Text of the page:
Effects of Hormone Replacement Therapy on Low Bone Mineral Density in Adolescents and Young Women with Hypogonadism: Comparison of Oral and Transdermal 17 Beta-Estradiol Administration

Dural O, Ulusoy HE, Tikiz MA, Gurbanova T, Yasa C, Ugurlucan FG, Akhan SE.

JPAG 2022; VOLUME 35, ISSUE 6, P634-637, December, 2022

1. What are the limitations of methodology choice for this study?

This retrospective study of 43 girls ages 15 to 24 years with hypogonadism compared bone density in those who had received oral versus transdermal estradiol replacement. While the authors do not specifically state Tanner staging of their cohort, readers can assume patients have completed pubertal development as the authors mention girls with primary amenorrhea first underwent puberty induction with only estrogen, which was started at low dose and gradually increased.

Girls were selected if they had an initial dual-energy X-ray absorptiometry of -1 or lower.  Both groups showed an improvement in lumbar spine bone density at two years, with transdermal estrogen replacement potentially superior to oral administration.

First, the introductory paragraph of the methods section commented that the study group was in a “permanent state of hypogonadism.”  That sentence should have been defined up front as excluding those with restrictive eating disorders or other hypothalamic stress that could be reversible with refeeding.  Contraceptive needs were also not addressed in the selection of patients or discussed up front as a consideration.

From a methodology standpoint, this retrospective chart review does not establish causality, merely correlation.  It has two experimental groups, one receiving 2 mg of oral E2 replacement with cyclic progesterone, and the second receiving 0.1 mg of transdermal E2 replacement with cyclic progesterone, without stating that in Turkey, such prescribing would be part of the standard of care, with appropriate reference.  The study would have been stronger with a control group who received no estrogen, but if that was not the standard of care, then that exclusion should have been noted up front. 

2. How was calcium and vitamin D intake ascertained and monitored?  What about compliance with oral versus transdermal E2?

 A.The limitations of patient recall can be noted.  The study also did not follow serum estradiol levels or other marker of compliance, to help determine whether transdermal route patients had better compliance than those taking oral formulations, impacting their trend towards greater bone gains.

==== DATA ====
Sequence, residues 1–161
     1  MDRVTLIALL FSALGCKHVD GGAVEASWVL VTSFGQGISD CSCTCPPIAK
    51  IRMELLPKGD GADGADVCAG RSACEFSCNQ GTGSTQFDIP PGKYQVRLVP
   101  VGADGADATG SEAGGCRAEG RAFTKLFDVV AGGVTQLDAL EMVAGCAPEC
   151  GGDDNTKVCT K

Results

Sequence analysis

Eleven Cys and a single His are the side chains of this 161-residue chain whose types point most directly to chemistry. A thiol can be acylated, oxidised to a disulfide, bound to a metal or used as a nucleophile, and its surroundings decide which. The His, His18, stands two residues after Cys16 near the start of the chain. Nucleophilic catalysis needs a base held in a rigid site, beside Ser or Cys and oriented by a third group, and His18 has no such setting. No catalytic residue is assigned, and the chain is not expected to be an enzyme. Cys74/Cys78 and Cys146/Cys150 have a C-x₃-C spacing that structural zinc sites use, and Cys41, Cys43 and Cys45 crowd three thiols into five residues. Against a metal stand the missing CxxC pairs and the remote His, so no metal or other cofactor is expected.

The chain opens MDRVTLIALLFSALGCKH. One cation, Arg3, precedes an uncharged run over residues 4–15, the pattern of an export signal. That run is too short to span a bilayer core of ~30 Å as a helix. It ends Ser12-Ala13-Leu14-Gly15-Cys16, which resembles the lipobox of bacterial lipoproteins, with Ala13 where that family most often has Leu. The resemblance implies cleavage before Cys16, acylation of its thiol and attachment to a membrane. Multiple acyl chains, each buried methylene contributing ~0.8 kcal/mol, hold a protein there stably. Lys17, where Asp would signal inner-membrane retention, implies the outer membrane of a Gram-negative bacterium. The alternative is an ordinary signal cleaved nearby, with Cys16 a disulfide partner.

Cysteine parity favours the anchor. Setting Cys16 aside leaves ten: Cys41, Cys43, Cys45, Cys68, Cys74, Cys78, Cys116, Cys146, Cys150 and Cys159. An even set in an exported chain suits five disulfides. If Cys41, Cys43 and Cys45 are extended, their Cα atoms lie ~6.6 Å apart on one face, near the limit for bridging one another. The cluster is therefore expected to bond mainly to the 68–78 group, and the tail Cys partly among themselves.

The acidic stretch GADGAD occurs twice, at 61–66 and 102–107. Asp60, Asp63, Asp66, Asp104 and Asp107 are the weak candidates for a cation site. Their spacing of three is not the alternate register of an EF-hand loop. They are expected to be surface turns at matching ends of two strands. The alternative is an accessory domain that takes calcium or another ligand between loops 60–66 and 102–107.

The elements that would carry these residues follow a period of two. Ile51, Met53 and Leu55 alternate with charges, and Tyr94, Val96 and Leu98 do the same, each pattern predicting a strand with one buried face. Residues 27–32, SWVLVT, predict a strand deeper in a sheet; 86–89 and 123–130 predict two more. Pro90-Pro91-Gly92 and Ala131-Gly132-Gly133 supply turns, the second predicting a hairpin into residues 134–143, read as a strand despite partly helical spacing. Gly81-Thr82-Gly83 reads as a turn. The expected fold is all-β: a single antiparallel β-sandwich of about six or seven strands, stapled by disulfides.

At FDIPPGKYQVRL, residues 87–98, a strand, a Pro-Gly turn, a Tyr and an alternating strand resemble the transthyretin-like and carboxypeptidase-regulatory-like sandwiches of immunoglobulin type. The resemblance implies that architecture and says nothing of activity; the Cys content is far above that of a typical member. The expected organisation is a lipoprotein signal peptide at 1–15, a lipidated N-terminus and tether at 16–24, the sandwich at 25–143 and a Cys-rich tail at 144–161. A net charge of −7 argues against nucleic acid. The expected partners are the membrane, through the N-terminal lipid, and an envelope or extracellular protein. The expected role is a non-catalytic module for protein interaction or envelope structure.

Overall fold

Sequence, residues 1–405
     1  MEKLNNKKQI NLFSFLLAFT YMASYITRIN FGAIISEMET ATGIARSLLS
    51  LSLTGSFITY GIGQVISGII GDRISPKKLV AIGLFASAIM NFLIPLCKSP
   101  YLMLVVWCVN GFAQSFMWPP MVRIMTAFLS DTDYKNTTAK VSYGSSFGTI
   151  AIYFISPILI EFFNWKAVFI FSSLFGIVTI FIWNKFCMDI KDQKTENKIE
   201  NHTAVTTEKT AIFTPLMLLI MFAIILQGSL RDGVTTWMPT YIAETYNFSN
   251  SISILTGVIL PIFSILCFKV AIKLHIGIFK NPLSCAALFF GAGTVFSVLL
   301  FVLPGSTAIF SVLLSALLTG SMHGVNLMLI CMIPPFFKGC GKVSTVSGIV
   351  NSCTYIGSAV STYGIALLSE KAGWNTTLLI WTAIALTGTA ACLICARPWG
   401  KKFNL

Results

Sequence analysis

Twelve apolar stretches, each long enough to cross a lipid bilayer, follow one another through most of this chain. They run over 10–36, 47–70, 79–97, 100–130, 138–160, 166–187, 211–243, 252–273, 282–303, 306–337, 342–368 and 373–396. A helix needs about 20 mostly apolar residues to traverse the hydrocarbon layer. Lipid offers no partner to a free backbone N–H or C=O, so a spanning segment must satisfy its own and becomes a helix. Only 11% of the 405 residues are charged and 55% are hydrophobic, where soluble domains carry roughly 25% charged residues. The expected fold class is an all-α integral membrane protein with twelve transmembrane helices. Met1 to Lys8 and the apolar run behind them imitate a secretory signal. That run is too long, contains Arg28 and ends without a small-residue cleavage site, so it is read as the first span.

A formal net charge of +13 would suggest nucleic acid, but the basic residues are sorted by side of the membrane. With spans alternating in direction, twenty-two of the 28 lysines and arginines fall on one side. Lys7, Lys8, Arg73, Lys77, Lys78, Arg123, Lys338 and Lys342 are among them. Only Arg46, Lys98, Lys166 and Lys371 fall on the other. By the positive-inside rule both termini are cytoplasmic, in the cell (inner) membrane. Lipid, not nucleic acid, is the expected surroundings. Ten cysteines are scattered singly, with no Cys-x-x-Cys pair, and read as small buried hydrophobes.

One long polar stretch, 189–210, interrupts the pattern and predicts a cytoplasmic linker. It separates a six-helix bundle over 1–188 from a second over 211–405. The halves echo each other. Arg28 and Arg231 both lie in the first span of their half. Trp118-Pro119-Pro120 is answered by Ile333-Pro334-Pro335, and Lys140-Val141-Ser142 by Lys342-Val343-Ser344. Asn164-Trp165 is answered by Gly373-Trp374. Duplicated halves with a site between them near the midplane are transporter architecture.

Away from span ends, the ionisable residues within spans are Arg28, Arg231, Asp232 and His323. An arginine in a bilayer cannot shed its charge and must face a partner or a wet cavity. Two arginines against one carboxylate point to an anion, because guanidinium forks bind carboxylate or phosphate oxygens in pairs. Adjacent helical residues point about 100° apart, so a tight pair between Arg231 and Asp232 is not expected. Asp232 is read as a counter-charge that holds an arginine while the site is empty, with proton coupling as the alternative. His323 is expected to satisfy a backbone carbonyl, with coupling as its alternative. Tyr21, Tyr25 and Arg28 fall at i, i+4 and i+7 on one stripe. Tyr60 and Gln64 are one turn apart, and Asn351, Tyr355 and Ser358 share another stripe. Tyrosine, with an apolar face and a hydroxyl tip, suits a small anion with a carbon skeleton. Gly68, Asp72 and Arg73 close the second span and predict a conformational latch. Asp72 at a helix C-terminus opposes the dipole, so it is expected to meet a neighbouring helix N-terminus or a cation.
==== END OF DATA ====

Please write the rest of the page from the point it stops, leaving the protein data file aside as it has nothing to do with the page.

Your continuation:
3. Comment on the available progestins and estrogens used.  Are those formulations available in the US?  Europe?  South America?  Is use of those formulations available and standard at your institution?

Formulations may vary in transdermal and oral forms. With the variety of formulations available, clinicians within an institution may use varying regimens. Regimens may depend in part to patient preference (such as oral vs transdermal) and side effects (such as irritation or an adhesive reaction).

4. What are the generalizable findings from this study? Could these findings be generalized to natal females of similar age with reversible hypogonadism, as occurs with restrictive eating disorders or the stress of chronic disease?  Why or why not?  What further research does this study suggest or inspire?

The study affirms previous literature in that physiologic dosing of estrogen is helpful in the management of hypogonadism, and transdermal estrogen is superior to oral. Physiologic dosing of estrogen is similarly advised for use in patients with restrictive eating disorders or the stress of chronic disease, though bone accrual may remain reduced in the setting of low leptin and high cortisol levels, for example. Additionally, those with restrictive eating disorders are encouraged restoration of menses with increasing caloric intake and decreasing exercise, thus hormone replacement therapy may be limited in duration than one with hypogonadism that is irreversible. 

5. In the closing paragraph of the manuscript, the authors propose that “Large-scale randomized controlled trials are required to confirm our findings ….”  Did the authors provide all the necessary assumptions for readers to calculate a sample size for such a study?
Go to https://clincalc.com/stats/samplesize.aspx (or another sample size calculator). Based on the info they provided, what is the required sample size?

A. Four components are necessary to calculate sample size:

  • Type I error (α), power, event rate in the control group, and a treatment effect of interest (or an event rate in the treatment group). Can also calculate an effect size from the two event rates.  In this case, use percent increases in lumbar spine BMD for each group (Table 4)
  • For this study:  0.05, 80%, 8.98%, 16.87%)
  • Sample size 283 participants per group, total of 566 participants